Colorectal cancer is the third most common cancer in men worldwide, and the second most common cancer in women. It is the fourth most common cause of cancer death worldwide, accounting for approximately 8% of cancer deaths. However, early detection and surgical removal of colon cancer offers a high potential for curing the disease, with a 93% 5-year survival rate for Stage I cancers. This underscores the importance of screening tools, which are tests to detect early signs of colon cancer in seemingly healthy individuals.
Screening tests for colon cancer
The easiest and most widely used screening test for colon cancer is the fecal occult blood test. Stool samples are placed on a special card that detects the presence of invisible blood in the stool, since colon cancer has a propensity to bleed. However, there are limitations to the test. A number of common noncancerous conditions can cause blood in the stool, including hemorrhoids, ulcers and small outpouchings in the bowel wall called colonic diverticula. The test can also miss the presence of small cancerous polyps (growths) and tumors not actively bleeding.
Colonoscopy is a procedure which is used as both a screening and diagnostic test for colon cancer. A doctor directly visualizes the interior lining of the colon using a small camera on a flexible six foot tube which is advanced throughout the entire colon. This identifies polyps (growths) or cancers arising from the colon wall, and allows for biopsy (sampling) of these growths. Before the test, one to two days of colon preparation are required, consisting of a clear liquid (soft drink, broth) diet and laxative use, typically resulting in frequent stools and diarrhea. This cleans the colon out to allow better visualization. Patients are typically given pain medications and sedatives during the test, and are unable to drive for the next 12 hours.
Current recommendations call for colon cancer screening to begin at age 50, with a yearly fecal occult blood test and a colonoscopy every 5 to 10 years.
Despite the importance of colon cancer screening, only about 50% of individuals comply with the recommendations for colonoscopy. Reasons for noncompliance include fear of the procedure, considerable time commitment and discomfort associated with the procedure or laxative preparation. Conventional colonoscopy is also contraindicated in patients on blood thinners at increased risk of bleeding, and in patients with breathing problems unable to be sedated.
Virtual colonoscopy or CT colonography is a less invasive tool for identifying colon polyps and early cancers. A small tube is inserted only into the lower part of the rectum, to introduce air into the colon to allow all the walls to be better seen. The patient then undergoes a CT (computed tomography) scan, which takes pictures of the colon that are used to create computer generated three-dimensional images. There are advantages to virtual colonoscopy over conventional colonoscopy from a patient’s point of view. The test is less invasive, and does not require sedation. The exam also takes considerably less time than a conventional colonoscopy. These factors seem to add up to a significant difference in patient compliance; in one study, 95% of patients who had undergone both procedures preferred virtual colonoscopy, and 36% stated that they would refuse any further colonoscopy if virtual colonoscopy was not an option.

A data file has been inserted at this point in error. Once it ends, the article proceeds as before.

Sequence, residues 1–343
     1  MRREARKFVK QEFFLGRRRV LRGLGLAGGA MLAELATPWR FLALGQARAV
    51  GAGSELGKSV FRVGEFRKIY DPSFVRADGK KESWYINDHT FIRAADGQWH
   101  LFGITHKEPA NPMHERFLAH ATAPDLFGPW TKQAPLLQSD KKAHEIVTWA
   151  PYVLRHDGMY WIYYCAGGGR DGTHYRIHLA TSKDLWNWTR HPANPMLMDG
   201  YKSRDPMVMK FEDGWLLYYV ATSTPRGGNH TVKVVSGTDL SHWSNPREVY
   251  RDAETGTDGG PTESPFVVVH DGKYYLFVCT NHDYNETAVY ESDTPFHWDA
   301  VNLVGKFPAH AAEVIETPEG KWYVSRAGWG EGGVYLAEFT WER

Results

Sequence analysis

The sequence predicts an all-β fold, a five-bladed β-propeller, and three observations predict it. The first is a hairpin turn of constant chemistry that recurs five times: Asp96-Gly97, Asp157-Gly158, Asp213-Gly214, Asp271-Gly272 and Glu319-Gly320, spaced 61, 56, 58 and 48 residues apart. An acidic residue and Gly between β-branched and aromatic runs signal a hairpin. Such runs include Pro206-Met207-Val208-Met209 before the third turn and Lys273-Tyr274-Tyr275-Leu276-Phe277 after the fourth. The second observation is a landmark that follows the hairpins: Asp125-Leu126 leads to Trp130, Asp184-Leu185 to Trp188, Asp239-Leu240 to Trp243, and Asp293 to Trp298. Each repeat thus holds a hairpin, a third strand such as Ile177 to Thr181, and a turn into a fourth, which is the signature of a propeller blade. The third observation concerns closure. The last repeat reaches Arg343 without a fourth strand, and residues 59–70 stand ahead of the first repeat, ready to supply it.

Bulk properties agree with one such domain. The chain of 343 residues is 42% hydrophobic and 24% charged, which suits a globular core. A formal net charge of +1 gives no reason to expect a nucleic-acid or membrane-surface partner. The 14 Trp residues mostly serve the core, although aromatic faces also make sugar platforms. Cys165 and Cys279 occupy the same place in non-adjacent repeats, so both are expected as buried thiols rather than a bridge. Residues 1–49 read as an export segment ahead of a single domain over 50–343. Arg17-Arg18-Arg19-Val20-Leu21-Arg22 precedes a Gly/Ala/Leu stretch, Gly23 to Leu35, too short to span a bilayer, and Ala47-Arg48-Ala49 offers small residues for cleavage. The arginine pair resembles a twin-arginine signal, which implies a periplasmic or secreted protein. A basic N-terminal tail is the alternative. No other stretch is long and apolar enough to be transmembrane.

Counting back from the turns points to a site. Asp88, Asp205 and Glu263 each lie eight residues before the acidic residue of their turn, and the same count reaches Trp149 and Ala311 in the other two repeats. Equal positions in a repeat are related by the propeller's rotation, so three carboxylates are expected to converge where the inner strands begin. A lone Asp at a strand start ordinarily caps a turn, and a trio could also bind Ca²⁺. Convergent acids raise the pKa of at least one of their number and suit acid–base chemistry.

Virtual colonoscopy without laxatives is as effective as conventional colonoscopy
While virtual colonoscopy is preferred by patients, it still requires a full colon cleansing preparation, which can dissuade many individuals. However, researchers at the University of California, San Francisco and the Massachusetts General Hospital have discovered that this uncomfortable ordeal may be unnecessary. In their study, patients simply followed a low fiber diet for two days, and ingested a substance known as a ‘tagging’ agent. This agent marks any residual stool in the colon and allows it to be digitally removed from the CT images of the colon, permitting clear visualization of the colon walls. The study found that there was no statistical difference in the visualization of polyps 10 mm or larger (the size of polyps most likely to harbor cancer cells) between conventional colonoscopy and laxative-free colonoscopy. The majority of participants in the study also indicated that the laxative-free colonoscopy was their exam of choice.
Researchers hope that this less invasive screening tool will encourage more patients to comply with screening recommendations, and catch early, treatable colon cancers that would otherwise go undetected.
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